Middle Market Doctors
Okay the title sounds stupid, but hear me out. If you needed surgery, ANY surgery, that required general anesthesia how would you go about that? Would you be fine with any random level 1 hospital, or would you only choose to use the absolute top teaching hospitals like NYP, JHU, Mass, UCSF etc....? Personally I wouldn't be super picky for a surgery that requires local anesthesia, but I feel like having a top hospital anesthesiologist is a must if general anesthesia is used. I feel like general anesthesia is the one place in healthcare you absolutely don't fuck around in. If you've never heard of anesthesia awareness, its a phenomenon where an anesthesiologist, or more commonly CRNAs (who are NURSES not doctors), messes up the anesthesia. There are really only three components to anesthesia: paralysis, sedative, pain. If the pain portion works but paralysis fails, no big deal, easy to notice and easy to fix. If sedative fails and the other two don't, it's would be pretty scary but ultimately not that bad. The nightmare scenario is when the paralysis works but the pain relief and sedative don't. This is an absolute nightmare scenario and it is estimated to occur in 1 to 2 per 1000 surgeries in the United States. There are interviews of victims of this say it was pretty much the absolute worst thing to happen to them. Most end up with PTSD. In some cases, the anesthesiologist will notice that your heart rate and blood pressure are nearing heart attack level due to a combination of pain/anxiety; though it's possible that your heart rate and BP stay low due to some other medications. There are reports of people committing suicide afterward because it's that bad. They also made a Hayden Christiansen movie about it.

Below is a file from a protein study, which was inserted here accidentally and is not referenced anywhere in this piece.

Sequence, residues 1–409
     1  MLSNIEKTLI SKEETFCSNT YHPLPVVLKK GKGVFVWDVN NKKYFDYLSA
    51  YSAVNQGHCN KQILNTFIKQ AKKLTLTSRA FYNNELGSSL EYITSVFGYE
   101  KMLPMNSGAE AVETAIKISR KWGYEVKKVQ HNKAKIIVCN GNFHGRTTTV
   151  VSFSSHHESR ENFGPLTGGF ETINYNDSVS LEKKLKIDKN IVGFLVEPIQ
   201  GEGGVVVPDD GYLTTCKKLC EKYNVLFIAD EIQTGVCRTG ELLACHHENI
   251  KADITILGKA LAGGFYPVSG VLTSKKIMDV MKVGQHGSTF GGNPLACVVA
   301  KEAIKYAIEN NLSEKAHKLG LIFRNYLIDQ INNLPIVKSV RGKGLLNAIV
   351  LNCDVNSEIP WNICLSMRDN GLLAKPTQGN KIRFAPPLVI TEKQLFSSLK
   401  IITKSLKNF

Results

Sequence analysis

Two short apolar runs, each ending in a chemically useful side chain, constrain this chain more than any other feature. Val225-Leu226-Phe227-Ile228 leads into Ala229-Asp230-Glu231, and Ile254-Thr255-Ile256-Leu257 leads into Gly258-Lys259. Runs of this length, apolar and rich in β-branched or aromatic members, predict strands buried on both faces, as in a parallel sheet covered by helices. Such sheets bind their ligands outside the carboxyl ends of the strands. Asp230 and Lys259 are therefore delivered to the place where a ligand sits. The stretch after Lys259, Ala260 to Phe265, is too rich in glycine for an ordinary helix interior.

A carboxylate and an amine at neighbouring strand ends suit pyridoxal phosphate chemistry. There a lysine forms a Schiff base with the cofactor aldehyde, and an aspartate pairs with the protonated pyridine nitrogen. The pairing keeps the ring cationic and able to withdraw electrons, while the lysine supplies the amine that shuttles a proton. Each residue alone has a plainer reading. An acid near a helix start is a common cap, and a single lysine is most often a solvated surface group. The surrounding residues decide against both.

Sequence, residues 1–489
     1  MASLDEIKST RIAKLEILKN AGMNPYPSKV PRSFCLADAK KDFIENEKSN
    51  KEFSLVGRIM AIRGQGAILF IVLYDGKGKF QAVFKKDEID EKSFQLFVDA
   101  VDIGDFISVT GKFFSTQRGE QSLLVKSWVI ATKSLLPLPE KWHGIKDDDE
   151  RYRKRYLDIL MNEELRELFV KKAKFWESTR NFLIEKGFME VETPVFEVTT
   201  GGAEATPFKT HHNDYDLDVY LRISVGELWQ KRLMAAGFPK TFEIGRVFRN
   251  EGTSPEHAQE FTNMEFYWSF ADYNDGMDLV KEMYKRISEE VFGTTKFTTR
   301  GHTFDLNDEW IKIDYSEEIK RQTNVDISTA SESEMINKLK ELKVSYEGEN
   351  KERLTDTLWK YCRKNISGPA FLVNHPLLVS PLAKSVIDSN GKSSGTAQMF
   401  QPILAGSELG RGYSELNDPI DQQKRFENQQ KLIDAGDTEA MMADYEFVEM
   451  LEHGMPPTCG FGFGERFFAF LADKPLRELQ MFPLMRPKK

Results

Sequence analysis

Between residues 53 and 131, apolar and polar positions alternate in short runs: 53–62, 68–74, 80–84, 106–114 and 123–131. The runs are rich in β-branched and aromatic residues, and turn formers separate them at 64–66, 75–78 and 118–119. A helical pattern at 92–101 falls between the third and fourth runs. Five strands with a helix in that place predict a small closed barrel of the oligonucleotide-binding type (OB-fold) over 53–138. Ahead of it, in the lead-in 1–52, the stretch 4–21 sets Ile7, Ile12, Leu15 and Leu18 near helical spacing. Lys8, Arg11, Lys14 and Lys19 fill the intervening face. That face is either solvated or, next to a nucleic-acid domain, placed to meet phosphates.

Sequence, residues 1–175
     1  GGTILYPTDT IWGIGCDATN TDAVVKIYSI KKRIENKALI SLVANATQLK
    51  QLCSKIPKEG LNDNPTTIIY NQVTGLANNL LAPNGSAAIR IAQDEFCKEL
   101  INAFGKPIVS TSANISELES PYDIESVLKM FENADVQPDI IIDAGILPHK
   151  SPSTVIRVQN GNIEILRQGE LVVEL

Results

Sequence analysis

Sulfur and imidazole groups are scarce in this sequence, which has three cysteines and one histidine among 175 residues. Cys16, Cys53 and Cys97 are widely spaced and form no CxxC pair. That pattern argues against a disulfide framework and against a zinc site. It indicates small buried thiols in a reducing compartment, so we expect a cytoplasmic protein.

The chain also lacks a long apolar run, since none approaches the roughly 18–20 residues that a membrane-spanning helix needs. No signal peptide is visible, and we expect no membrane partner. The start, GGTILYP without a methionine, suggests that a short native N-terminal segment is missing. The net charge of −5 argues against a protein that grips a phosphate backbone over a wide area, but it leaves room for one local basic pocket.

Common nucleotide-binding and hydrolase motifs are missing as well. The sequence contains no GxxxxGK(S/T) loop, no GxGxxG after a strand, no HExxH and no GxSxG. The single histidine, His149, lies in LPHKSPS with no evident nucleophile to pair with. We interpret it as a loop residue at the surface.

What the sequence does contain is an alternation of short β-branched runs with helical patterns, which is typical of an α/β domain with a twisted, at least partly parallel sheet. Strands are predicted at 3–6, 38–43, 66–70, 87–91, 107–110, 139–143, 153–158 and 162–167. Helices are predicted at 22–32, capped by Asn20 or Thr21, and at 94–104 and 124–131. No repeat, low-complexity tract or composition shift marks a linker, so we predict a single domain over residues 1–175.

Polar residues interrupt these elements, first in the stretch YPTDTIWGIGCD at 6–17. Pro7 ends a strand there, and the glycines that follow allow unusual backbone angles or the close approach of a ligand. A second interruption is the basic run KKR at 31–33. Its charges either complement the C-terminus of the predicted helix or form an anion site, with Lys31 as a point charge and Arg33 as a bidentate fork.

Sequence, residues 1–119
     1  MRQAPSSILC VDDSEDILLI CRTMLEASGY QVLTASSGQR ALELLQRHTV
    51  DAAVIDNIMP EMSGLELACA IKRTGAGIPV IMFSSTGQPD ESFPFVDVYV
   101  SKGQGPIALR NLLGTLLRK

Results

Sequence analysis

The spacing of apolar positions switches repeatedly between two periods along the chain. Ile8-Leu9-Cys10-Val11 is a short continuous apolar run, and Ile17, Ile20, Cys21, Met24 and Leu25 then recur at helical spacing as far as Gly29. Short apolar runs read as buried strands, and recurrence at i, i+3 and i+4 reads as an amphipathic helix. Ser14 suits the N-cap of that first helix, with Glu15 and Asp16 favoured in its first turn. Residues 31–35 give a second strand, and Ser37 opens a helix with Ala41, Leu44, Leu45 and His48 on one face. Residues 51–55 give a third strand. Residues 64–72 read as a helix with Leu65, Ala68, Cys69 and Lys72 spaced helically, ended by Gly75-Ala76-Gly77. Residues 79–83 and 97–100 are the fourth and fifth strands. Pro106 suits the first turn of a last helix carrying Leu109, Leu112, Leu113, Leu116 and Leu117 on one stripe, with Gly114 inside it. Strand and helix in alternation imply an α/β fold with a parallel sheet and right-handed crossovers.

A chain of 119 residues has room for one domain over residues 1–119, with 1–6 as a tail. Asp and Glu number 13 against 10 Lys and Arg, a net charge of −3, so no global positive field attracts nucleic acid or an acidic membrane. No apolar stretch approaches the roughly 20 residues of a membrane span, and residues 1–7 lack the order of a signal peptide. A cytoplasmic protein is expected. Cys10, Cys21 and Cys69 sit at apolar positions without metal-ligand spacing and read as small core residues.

The cherry on top of this is that it's very rare that somebody wins a malpractice suit against the anesthesiologist. Can you guess why? Because the victim technically has no way to prove they were actually awake since they were paralyzed. There was one individual in Canada who was able to win a case since she was able to recount the conversations of the doctors. Most of the time, you're just out of luck. Even if the docs do know they fucked up, they won't say anything.
This brings me to my initial point. Given everything I've said, would you pretty much refuse anybody but the best? There are also some machines that can detect if the anesthesia is working properly; God knows why these aren't universal as they only cost $4k - $(for comparison, a low level MRI machine cannot be bought new for anything less than $200k & the best ones can be close to $1mm). This came up as I recently got into a heated argument with a mutual friend who is a nurse. She was talking about how she "does the same amount of work as a doctor but doesn't get nearly the same recognition." If this is an emergency surgery, you're options are more limited. If you can wait though, I believe it's totally worth it to wait for the best to be bookable (they usually are eventually). Regardless, you can also demand that a CRNA not be allowed. They can refuse the operation, but I'm sure you'd be able to find one top place that wouldn't.
Like I mentioned earlier, it's not a big deal in most things, but in the event of a surgery requiring general anesthesia, I would not fuck around. Imagine somebody operating on you for hours, and you can feel everything and not at all move or tell anybody. Then afterward, they just deny it.